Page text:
TABLE SAWS

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Curtis H. describes his table saw injury Curtis, a professional woodworker and firefighter from Provo Utah, had an accident using a table saw in his home after shopping with his wife. Due to the accident, Curtis lost his pinky finger and still experiences pain four years after the accident. Curtis had been saving up for a SawStop when he had his accident. Follow us on http://www.facebook.com/sawstop. Learn more on http://www.sawstop.com.

Curtis H.

5:15 min

SawStop | Brandan S. describes his table saw injury Brandan, a physical therapist from Omaha, Nebraska, had an accident using a table saw on a Saturday afternoon. He was in his home after an Easter Egg hunt with his family. As result of this accident, Brandon's index finger has been amputated and he does not have the same articulation and grip strength in his three other primary fingers on his right hand. Brandon grew up in a woodworking family and worked his way though school as a finish carpenter. Follow us on http://www.facebook.com/sawstop. Learn more on http://www.sawstop.com.

Brandan S.

6:24 min

Mark G. Mark, from Whitehall Michigan, is a general contractor specializing in custom and remodeling work. Working on a table saw, doing dado cuts, his miter gauge snapped resulting in his hand being "sucked" into the blade. The result was that he lost the tip of his middle finger and scarring on his index finger. Mark was surprised by his really good medical insurance not covering all the costs with 5,000 to 6,000 dollars of out-of-pocket expenses to him.

Mark G.

4:42 min

Ron F. On his new six month old table saw, Ron experienced kickback that moved two of his fingers into the spinning blade. Ron is a seasoned woodworker with twenty to twenty-five years of experience.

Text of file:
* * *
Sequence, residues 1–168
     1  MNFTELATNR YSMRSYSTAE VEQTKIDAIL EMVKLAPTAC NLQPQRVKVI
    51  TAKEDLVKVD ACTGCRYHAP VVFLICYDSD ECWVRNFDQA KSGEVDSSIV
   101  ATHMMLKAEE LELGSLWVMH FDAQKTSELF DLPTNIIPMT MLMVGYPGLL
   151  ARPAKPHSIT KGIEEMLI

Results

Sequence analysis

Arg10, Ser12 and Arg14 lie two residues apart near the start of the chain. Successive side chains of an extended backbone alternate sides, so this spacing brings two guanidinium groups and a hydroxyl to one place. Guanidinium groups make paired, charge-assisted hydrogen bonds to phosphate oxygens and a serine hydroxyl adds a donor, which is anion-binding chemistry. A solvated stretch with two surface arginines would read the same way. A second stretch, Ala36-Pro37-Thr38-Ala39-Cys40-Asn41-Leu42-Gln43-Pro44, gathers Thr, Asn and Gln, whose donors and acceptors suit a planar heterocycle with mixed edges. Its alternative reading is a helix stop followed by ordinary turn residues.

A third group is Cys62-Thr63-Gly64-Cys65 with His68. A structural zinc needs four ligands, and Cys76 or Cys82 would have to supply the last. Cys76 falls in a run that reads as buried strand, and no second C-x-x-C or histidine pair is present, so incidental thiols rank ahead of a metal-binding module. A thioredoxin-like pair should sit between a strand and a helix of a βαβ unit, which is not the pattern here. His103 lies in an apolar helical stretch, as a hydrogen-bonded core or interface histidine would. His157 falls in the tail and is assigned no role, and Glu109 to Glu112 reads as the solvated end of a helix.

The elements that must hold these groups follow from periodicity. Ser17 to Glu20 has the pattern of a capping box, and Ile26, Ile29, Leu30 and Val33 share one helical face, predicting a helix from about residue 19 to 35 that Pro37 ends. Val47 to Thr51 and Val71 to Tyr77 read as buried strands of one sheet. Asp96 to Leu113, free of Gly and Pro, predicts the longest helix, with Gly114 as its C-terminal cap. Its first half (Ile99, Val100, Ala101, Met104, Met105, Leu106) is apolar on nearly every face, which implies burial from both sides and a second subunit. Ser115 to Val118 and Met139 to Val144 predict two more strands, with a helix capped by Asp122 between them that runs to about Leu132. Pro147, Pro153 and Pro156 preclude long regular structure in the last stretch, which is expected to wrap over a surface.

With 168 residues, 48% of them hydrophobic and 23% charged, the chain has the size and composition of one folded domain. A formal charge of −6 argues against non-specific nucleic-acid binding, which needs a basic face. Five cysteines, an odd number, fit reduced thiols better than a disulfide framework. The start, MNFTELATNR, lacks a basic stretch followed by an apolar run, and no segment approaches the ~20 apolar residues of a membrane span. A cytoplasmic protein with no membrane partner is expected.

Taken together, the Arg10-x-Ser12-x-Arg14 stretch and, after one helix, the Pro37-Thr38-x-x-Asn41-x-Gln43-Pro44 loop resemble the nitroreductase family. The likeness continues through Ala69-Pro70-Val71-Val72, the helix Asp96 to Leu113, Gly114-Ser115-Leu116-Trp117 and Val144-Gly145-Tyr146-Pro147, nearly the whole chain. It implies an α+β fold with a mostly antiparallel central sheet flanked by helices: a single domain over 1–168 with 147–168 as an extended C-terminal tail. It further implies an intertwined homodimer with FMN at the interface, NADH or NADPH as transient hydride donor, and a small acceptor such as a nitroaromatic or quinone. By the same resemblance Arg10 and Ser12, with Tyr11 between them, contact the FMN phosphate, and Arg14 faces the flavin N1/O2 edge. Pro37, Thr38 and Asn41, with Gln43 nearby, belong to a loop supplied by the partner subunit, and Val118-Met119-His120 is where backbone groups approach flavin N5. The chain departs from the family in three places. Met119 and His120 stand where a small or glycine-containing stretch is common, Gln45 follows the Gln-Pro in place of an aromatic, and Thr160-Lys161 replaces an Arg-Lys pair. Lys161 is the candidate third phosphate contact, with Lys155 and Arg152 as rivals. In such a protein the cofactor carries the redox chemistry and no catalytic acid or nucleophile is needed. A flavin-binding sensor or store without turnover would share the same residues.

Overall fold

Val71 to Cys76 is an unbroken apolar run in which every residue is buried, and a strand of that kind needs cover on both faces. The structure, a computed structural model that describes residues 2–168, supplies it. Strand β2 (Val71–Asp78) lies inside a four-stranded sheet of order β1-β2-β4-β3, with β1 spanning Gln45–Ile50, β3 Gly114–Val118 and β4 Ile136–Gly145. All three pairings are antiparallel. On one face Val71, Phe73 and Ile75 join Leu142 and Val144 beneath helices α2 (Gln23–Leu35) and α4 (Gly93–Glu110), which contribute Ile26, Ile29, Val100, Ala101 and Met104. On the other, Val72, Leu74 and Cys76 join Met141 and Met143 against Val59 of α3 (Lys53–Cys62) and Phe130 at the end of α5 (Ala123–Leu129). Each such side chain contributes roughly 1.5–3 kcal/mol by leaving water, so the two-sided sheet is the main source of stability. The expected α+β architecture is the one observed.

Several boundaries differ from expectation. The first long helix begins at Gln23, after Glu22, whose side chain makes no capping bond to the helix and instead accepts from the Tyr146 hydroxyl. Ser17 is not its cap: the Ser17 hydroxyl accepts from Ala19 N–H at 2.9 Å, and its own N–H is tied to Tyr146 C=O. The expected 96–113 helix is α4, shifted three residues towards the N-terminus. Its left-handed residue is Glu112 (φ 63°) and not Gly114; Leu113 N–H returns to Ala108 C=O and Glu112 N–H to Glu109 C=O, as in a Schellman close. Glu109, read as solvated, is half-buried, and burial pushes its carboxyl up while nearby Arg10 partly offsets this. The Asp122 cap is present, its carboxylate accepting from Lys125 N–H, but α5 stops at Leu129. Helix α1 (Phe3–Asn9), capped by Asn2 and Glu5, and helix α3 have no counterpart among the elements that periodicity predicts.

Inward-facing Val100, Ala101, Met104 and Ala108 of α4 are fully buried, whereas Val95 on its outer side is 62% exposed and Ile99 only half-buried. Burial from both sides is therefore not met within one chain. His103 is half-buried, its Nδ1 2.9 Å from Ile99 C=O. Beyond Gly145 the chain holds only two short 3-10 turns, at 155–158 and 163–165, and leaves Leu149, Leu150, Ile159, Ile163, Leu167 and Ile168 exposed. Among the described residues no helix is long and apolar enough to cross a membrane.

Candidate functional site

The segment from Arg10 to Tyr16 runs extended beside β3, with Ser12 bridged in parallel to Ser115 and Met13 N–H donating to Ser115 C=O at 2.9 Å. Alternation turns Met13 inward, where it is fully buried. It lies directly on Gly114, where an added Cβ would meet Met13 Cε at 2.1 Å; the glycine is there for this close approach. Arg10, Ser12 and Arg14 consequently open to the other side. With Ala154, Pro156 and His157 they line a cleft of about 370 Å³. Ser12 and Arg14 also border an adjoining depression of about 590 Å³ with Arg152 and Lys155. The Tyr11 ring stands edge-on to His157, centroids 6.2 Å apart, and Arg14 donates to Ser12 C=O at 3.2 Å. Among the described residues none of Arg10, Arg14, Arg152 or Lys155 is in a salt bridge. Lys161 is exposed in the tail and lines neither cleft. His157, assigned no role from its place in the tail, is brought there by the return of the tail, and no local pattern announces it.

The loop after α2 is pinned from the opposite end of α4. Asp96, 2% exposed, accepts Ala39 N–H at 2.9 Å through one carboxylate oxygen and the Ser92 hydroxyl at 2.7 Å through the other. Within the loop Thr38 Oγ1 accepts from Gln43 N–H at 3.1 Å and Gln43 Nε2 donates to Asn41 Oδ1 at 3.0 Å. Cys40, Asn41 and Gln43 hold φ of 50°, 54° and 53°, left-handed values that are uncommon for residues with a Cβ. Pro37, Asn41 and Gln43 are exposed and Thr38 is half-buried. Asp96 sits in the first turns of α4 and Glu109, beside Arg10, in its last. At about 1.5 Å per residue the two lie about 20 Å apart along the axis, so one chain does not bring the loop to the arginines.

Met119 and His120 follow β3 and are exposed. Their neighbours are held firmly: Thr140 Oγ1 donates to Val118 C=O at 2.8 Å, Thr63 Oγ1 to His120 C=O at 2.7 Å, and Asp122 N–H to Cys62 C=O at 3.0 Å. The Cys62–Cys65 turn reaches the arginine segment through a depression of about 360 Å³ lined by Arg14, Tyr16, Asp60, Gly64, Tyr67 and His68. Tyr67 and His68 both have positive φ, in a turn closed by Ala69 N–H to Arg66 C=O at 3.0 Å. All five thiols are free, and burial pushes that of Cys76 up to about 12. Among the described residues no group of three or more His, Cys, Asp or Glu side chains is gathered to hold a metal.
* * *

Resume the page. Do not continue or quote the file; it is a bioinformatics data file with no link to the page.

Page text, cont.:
Ron F.

3:35 min

William B. William, a professional artist from Houston Texas, is a business owner operating a studio. Using his table saw, William was dado cutting when the material caught and kicked back - his finger was then dragged into the blade. The result of the accident is that William lost half of his index finger on his right hand. William describes the difficulties of working in his shop and day-to-day life since the accident.

William B.

4:44 min

Nick C. describes his table saw injury After four different surgeries with one more to go, Nick now has moderate use of his right hand. While working on a home project, Nick had a major accident resulting in the amputation and replacement of three of his fingers. Purchasing the table saw that amputated his fingers, Nick decided that with over 40 years of woodworking experience he didn't have to worry about a table saw accident and opted against a SawStop because of money. "Buy the SawStop the First Time" Follow us on http://www.facebook.com/sawstop. Learn more on http://www.sawstop.com.

Nick C

2:17 min

Ralph A. Experience: Shop Teacher Injury Location: Finger Injury Type: Laceration "I've been a shop teacher in Pennsylvania for 33 years."

Ralph A.

0:19 min

Jim M.

Jim M.

0:44 min

Frank D. Experience: Hobbyist Injury Location: Finger Injury Type: Laceration "As I was pushing it in, my fingers were a little too close."

Frank D.

0:18 min

Jim M. Experience: Hobbyist Injury Location: Fingers Injury Type: Amputations "An accident of this kind happens so quick, you can't do anything to avoid it."

Jim M.

2:59 min